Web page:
He won first place in his division in 1997 and again this year in the Palomino Horse Breeders of America competition in Tulsa, Okla. That means that he's the best horse in the world in his class and age group, according to Doyle.
Doyle bought the stallion four years ago. Since then, he racked up enough points at competitions across Maryland and Pennsylvania to qualify for the big show in Oklahoma. He has also earned reserve or second-place ribbons in competitions.
This year he also picked up enough points to qualify for the American Quarter Horse competition in Oklahoma City - a fact that Doyle proudly displays on the huge silver belt buckle on her jeans.
"I think he would do very well there, but that show is too political for me. The judges know too many of the handlers there. If I did put him in that show I'd hire a handler to take him into the ring to give him a better chance."
Besides, she said, "One trip to Oklahoma is enough for one year."
Doyle grew up in a horse-loving family in a home up the road from the raised rancher in which she has lived for the last 20 years.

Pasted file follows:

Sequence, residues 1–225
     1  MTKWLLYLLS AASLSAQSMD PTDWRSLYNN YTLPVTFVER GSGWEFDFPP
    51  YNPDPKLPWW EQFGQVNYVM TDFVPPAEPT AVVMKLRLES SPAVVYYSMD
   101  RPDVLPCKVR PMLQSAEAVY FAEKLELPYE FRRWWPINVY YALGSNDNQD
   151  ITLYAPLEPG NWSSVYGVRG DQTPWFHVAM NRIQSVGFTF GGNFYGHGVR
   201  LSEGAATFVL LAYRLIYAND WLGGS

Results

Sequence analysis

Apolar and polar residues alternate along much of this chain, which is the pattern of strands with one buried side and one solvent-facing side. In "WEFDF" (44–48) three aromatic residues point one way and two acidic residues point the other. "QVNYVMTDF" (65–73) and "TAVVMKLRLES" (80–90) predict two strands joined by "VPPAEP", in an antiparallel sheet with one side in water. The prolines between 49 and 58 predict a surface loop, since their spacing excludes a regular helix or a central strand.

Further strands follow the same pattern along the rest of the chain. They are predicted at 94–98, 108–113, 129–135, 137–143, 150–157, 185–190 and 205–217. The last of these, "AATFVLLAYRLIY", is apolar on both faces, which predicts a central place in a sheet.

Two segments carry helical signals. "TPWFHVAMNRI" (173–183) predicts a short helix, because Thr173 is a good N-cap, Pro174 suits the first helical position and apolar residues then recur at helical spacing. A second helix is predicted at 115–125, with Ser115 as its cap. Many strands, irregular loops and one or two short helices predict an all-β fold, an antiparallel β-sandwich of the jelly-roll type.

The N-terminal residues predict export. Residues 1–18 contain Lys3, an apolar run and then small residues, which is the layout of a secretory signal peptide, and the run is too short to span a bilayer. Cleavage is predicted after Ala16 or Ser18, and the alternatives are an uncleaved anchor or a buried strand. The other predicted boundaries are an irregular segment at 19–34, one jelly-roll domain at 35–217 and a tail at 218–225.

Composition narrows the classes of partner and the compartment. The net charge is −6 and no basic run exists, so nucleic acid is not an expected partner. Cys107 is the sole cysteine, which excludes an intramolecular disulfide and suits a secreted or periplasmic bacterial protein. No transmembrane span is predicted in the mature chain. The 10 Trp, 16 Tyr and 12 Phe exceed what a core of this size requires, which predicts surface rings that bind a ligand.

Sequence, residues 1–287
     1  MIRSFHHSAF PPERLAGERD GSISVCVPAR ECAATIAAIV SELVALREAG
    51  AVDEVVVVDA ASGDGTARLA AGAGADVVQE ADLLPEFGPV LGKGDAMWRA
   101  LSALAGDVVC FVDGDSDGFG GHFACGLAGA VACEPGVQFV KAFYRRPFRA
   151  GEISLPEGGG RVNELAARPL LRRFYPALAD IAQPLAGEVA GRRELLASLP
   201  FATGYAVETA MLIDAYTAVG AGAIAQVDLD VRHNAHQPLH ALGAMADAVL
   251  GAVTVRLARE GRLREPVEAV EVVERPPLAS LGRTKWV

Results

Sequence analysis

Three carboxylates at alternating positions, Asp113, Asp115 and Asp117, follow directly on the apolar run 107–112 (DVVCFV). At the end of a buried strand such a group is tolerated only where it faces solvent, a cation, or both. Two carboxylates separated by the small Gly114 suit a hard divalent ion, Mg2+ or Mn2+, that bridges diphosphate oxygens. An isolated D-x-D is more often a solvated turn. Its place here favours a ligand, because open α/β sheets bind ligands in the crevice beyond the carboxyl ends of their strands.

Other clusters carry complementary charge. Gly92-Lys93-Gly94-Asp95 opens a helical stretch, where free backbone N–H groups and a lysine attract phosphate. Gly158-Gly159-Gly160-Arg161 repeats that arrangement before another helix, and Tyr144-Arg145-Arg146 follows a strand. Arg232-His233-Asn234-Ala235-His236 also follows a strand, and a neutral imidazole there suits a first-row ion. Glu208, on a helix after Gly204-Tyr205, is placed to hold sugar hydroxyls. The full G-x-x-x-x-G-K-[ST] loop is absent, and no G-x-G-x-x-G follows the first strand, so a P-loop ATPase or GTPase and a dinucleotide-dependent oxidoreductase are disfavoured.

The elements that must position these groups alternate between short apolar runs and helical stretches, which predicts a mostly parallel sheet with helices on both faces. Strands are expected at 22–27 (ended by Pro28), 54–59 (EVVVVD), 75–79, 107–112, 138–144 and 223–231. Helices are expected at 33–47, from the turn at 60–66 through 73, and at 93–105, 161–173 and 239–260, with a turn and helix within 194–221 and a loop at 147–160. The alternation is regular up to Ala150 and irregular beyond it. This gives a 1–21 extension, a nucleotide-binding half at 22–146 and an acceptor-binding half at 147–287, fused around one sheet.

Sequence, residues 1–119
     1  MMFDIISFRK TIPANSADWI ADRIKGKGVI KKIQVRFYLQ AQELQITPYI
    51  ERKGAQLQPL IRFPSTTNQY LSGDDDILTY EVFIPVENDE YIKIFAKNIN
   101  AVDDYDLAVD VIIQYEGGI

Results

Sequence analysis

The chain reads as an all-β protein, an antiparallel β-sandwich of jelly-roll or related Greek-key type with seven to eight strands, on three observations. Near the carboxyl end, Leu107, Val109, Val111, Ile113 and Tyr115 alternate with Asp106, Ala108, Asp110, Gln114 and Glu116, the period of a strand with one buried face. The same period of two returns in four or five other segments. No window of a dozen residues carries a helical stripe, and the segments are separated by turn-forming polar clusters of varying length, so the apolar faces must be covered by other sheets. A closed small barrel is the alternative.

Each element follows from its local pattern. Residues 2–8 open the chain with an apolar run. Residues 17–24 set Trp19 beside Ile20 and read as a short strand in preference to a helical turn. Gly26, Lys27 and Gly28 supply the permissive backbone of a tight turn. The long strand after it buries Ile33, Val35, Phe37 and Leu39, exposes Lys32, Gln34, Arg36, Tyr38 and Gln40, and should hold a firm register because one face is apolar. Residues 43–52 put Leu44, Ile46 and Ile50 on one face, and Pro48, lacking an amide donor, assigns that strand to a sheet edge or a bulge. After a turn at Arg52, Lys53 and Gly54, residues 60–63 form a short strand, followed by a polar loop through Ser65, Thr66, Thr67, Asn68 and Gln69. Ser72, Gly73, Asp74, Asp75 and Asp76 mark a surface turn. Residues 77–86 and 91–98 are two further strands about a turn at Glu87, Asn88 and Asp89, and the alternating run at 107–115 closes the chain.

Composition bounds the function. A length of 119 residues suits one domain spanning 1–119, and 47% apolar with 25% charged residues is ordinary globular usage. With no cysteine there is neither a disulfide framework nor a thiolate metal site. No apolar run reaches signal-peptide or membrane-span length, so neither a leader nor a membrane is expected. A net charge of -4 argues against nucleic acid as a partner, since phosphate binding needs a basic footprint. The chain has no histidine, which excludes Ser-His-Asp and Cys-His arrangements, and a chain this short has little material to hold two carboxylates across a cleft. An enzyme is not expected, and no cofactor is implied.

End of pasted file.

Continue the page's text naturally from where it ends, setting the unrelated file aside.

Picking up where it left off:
Her father, Lawrence Moats, is a farrier.
Doyle has 11 horses. Included in her little herd is another champion palomino stallion named Obvious Goldmine, or Clue, as he is called.
Skip and Clue bring in income every year from stud service, Doyle said.
She also has a yearling and two weanlings sired by the stallions that she's raising on the show circuit.
"I'm showing the babies to earn points so they'll be more valuable if I decided that I ever want to sell them," she said.
The rest of her animals are trail horses, she said. All but five are palominos.
The golden palominos, like the late movie cowboy Roy Rogers' horse Trigger, and Mr. Ed from television fame, are among the most popular breeds in America, Doyle said.
"They're my color preference," she said. "I guess that's because of Lucky."